Most aircraft have these six basic flight instruments: Altimeter : Gives the aircraft's height (usually in feet or meters) above some reference level (usually sea-level) by measuring the local air pressure. It is adjustable for local barometric pressure (referenced to sea level) which must be set correctly to obtain accurate altitude readings. Attitude indicator (also known as an artificial horizon) : Shows the aircraft's attitude relative to the horizon. From this the pilot can tell whether the wings are level and if the aircraft nose is pointing above or below the horizon. This is a primary instrument for instrument flight and is also useful in conditions of poor visibility. Pilots are trained to use other instruments in combination should this instrument or its power fail.
Airspeed indicator : Shows the aircraft's speed (usually in knots) relative to the surrounding air. It works by measuring the ram-air pressure in the aircraft's pitot tube. The indicated airspeed must be corrected for air density (which varies with altitude, temperature and humidity) in order to obtain the true airspeed, and for wind conditions in order to obtain the speed over the ground. Magnetic compass : Shows the aircraft's heading relative to magnetic north. While reliable in steady level flight it can give confusing indications when turning, climbing, descending, or accelerating due to the inclination of the earth's magnetic field. For this reason, the heading indicator is also used for aircraft operation. For purposes of navigation it may be necessary to correct the direction indicated (which points to a magnetic pole) in order to obtain direction of true north or south (which points to the earth's axis of rotation).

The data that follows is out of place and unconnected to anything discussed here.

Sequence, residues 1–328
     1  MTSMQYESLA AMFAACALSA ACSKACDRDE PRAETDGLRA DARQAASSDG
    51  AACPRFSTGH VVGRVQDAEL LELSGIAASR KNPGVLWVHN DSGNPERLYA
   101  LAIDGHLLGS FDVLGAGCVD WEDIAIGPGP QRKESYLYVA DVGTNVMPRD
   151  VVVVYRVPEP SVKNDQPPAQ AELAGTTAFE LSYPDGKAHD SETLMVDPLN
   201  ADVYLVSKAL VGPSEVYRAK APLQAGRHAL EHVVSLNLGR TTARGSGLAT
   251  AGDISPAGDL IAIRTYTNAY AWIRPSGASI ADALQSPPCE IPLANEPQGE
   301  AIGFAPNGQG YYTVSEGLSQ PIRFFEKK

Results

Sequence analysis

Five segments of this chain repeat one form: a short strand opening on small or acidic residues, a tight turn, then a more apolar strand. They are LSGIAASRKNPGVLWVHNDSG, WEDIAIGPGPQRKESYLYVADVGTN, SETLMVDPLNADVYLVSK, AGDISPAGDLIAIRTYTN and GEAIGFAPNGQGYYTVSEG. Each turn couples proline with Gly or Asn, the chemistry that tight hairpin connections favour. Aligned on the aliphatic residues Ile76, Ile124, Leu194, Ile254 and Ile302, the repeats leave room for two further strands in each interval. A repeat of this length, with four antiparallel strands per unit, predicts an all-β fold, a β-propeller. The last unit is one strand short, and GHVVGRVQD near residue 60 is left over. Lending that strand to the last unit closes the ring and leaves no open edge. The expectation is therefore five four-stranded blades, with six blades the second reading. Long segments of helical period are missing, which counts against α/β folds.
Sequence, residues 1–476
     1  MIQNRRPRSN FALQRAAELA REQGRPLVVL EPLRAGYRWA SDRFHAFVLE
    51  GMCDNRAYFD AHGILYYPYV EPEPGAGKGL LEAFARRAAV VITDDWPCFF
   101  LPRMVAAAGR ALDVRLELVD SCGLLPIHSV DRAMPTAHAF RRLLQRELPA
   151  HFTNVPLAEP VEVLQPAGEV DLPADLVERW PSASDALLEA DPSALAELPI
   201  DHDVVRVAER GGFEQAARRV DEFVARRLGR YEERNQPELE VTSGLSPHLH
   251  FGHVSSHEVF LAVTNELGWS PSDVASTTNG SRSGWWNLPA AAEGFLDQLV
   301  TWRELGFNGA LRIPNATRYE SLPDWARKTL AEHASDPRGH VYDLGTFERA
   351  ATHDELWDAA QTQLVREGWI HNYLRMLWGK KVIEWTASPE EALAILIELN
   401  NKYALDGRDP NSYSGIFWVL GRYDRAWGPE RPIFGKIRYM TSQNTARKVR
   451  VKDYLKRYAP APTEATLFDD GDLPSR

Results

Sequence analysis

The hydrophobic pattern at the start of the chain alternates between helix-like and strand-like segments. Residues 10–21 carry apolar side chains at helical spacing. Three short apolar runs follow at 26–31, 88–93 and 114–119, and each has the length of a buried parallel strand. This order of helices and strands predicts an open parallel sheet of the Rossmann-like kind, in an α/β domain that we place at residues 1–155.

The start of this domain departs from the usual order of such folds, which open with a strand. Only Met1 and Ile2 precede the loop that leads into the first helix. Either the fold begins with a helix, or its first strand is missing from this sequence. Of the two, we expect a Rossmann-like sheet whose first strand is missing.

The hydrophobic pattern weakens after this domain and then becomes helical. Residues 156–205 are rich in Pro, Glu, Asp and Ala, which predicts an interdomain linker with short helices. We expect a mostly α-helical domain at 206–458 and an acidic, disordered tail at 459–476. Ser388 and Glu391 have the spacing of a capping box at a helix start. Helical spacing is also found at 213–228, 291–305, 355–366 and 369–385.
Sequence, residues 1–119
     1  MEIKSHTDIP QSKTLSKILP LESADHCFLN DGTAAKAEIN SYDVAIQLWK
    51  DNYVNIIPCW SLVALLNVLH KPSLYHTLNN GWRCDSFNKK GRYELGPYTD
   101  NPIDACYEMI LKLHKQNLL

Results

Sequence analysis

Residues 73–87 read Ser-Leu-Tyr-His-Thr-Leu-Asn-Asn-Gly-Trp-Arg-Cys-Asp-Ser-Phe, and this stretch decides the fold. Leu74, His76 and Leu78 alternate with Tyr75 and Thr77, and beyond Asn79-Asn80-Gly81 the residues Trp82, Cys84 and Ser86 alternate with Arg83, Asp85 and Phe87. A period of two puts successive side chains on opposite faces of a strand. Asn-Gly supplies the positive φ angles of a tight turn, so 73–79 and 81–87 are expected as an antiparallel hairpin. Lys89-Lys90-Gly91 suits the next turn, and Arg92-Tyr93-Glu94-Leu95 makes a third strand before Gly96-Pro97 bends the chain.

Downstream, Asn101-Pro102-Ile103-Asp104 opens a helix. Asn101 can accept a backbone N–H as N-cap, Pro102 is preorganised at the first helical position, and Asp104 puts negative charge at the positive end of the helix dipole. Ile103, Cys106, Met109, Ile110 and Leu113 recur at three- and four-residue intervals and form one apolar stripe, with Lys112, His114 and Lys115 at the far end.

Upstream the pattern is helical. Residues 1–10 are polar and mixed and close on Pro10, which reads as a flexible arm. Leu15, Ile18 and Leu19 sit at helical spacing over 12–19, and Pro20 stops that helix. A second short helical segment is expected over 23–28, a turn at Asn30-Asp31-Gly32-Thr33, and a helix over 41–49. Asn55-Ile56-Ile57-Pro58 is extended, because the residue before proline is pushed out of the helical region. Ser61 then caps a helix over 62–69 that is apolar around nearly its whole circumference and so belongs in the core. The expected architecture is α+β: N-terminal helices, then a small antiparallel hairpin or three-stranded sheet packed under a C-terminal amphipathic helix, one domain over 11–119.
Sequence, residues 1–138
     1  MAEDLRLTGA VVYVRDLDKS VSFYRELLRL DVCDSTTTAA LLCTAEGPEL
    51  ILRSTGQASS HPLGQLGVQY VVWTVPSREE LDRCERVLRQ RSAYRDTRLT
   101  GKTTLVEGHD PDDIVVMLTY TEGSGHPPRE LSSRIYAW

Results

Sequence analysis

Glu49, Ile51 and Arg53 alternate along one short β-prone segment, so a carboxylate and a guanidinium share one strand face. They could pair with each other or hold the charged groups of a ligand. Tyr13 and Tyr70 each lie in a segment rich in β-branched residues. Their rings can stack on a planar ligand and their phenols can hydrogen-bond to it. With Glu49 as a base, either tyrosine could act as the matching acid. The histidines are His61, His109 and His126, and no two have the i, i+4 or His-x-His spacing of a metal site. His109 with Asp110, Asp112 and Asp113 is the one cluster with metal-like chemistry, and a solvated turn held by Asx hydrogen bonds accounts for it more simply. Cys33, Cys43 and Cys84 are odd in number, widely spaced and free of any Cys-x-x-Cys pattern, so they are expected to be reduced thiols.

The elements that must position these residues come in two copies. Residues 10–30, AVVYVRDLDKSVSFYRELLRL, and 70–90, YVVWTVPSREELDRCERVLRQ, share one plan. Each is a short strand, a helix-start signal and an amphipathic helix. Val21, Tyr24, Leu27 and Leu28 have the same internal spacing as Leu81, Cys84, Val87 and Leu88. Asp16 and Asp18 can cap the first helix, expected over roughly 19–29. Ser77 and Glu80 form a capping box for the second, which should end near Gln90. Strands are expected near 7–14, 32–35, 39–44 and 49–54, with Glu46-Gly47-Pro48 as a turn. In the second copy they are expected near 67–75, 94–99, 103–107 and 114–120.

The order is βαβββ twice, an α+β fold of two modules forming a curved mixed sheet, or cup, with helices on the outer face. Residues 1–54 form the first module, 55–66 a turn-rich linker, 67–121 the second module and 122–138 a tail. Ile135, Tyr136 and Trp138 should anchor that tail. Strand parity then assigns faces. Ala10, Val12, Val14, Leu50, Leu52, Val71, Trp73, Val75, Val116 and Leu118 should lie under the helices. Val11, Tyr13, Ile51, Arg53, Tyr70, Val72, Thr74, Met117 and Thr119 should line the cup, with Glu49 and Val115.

Heading indicator : Also known as the directional gyro, or DG. Sometimes also called the gyrocompass, though usually not in aviation applications. Displays the aircraft's heading with respect to geographical north. Principle of operation is a spinning gyroscope, and is therefore subject to drift errors (called precession) which must be periodically corrected by calibrating the instrument to the magnetic compass. In many advanced aircraft (including almost all jet aircraft), the heading indicator is replaced by a Horizontal Situation Indicator (HSI) which provides the same heading information, but also assists with navigation. Turn and bank indicator, turn coordinator or turn indicator